Inc. (AMZN) has all the right tools in place to take the asset management industry by storm, according to Sanford C. Bernstein & Co.

In a research note, reported on by Bloomberg and Financial News, the investment manager said the Seattle-based company’s strong online presence and vast customer base, including 100 million-plus Amazon Prime subscribers, leaves it “well placed” to sell mutual funds to retail investors. Analysts added that Amazon may be tempted by the move, given the industry’s profitability, and claimed that the company would most likely become “an arms-length distributor of funds” rather than a “super-active manager.” (See also: Fidelity Labs Teams With Amazon on VR Financial Assistant)

In the speculative note, analysts argued that Amazon should avoid managing money itself as “the potential revenue would not outweigh the risks to reputation.” That, they said, leaves two options: set up an online fund supermarket, or begin offering robo-advisory services, similar to what Chinese e-commerce giant Alibaba (BABA) already provides through its Ant Financial arm.

Bernstein predicted that any move by Amazon to start selling funds would prove popular with its customers. The analysts noted that a large portion of the company’s Prime subscribers fit the same profile as mutual fund buyers and added that many of them have already thrown their support behind the idea, via a recent survey by online marketplace LendEDU.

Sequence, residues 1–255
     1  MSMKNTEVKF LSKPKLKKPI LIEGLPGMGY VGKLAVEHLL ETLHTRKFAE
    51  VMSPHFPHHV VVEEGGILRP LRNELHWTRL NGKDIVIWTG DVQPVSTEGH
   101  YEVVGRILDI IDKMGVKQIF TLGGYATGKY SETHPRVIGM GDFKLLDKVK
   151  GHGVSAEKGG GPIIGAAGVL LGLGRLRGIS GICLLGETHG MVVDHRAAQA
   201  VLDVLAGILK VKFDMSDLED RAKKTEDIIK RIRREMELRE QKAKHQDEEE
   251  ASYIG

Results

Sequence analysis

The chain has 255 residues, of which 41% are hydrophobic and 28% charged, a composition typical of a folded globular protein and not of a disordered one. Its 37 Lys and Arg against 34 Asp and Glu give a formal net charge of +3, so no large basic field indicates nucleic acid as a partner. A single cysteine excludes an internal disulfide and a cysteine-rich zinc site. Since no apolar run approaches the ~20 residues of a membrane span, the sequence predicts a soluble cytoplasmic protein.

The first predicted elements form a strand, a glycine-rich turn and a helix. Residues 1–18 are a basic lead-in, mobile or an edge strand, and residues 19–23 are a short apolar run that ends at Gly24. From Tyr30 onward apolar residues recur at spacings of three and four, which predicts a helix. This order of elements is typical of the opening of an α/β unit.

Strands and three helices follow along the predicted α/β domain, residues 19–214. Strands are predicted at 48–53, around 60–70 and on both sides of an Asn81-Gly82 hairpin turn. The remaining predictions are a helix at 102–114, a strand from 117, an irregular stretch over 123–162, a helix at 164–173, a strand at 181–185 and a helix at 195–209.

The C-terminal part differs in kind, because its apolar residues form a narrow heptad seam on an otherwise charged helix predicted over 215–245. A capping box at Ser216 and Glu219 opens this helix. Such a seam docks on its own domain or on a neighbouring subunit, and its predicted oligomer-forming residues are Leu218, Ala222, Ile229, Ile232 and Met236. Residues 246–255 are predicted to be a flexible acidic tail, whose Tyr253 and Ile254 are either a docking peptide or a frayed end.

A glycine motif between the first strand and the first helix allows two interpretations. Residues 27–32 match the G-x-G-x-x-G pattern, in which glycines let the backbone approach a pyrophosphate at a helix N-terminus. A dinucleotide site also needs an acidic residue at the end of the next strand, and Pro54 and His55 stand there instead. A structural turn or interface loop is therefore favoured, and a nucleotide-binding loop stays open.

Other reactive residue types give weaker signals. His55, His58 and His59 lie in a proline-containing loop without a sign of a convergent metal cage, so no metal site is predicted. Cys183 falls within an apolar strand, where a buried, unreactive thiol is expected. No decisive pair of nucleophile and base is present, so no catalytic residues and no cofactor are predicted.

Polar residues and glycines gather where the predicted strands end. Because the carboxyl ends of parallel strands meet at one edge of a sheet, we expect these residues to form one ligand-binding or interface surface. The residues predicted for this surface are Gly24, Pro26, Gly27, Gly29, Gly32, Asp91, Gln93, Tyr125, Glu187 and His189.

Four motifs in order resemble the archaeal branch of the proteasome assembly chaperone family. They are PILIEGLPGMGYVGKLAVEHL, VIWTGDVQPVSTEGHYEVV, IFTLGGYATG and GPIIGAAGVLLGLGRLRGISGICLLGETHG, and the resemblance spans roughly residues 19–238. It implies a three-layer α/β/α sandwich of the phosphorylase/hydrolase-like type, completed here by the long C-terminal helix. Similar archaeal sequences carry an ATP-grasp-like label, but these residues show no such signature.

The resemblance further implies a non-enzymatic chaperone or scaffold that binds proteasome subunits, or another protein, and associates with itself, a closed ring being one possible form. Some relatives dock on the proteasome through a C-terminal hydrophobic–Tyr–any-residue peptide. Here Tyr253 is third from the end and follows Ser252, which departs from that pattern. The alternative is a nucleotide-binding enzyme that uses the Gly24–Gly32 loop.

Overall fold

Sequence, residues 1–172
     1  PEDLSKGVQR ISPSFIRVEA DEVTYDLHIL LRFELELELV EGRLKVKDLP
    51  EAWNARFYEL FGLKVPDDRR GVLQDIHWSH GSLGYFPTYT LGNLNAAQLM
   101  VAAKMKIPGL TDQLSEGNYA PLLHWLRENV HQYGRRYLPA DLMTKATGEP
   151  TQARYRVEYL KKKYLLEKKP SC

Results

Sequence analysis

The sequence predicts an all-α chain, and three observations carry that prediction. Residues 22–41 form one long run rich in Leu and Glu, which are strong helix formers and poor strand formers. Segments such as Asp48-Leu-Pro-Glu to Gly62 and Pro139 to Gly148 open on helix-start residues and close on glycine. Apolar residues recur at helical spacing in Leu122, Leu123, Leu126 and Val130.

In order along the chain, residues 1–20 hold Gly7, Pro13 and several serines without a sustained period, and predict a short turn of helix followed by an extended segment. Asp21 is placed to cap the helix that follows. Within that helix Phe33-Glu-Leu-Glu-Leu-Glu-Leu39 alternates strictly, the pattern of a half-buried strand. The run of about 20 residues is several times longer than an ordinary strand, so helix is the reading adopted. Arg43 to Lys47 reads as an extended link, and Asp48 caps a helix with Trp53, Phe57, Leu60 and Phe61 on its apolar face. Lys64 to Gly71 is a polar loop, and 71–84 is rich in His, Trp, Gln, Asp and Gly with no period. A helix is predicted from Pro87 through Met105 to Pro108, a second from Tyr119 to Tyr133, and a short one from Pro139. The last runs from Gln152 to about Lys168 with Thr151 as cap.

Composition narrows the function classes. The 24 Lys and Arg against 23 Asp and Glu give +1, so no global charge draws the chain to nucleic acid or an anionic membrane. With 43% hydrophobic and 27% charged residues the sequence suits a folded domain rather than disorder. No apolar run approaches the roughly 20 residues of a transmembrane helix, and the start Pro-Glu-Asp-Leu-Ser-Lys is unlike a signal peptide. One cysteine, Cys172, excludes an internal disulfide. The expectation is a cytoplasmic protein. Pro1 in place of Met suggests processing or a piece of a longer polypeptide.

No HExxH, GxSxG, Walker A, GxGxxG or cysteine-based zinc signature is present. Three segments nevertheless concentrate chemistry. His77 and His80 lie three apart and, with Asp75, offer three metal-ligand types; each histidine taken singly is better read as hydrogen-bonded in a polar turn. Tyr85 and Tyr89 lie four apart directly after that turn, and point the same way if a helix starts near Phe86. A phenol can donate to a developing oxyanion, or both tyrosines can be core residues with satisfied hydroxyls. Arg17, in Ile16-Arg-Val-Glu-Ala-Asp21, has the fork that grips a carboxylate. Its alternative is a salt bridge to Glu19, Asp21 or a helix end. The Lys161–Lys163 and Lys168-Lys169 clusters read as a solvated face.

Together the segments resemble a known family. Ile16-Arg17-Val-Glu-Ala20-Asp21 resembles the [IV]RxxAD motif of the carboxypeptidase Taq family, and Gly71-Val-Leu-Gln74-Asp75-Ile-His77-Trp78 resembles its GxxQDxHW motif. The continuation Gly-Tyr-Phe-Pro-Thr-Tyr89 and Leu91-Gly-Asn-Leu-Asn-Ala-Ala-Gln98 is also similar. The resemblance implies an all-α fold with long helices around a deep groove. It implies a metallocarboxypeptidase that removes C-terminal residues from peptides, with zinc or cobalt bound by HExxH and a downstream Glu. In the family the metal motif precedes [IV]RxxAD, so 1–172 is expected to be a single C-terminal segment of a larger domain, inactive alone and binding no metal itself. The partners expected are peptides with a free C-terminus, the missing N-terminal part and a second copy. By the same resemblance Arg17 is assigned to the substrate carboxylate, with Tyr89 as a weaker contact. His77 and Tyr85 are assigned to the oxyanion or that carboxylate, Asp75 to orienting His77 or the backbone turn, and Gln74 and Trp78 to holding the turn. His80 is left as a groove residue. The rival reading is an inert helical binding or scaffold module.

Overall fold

According to that survey, 37% of Amazon Prime users would use an Amazon robo-adviser if one existed, while 41% said they would choose an Amazon retirement savings account.

The investment manager also claimed that the Seattle-based company should have little difficulty gaining regulatory clearance to sell funds, particularly as its entry into the market would likely drive asset management charges down. However, analysts did caution that Amazon’s potential foray into the industry could see its reputation take a hit if it was to lose money for investors.

Throughout the note, Bernstein reminded its clients that Amazon has yet to reveal any plans to branch out into asset management. The company did not reply to an emailed request for comment from Bloomberg.

Berstein’s speculative note on Amazon’s potential foray into asset management came several months after Jirisan Capital founder Gerald Hwang said he could see the online retailer taking the industry by storm. (See also: Amazon Is Now in Value Stock Territory: Bloomberg.)

“Asset management is the type of utility business that Amazon could easily disintermediate, for both its own benefit and the benefit of average investors worldwide,” Hwang said in March, according to MarketWatch. “If you thought the overbuilt status of bricks-and-mortar retailing provided the kindling to the Amazon explosion in retail, the abundance of asset managers (especially active asset managers) provides the uranium for an apocalypse that could be much worse.” (See also: Key Levels for Amazon Stock in Second Half of 2018.)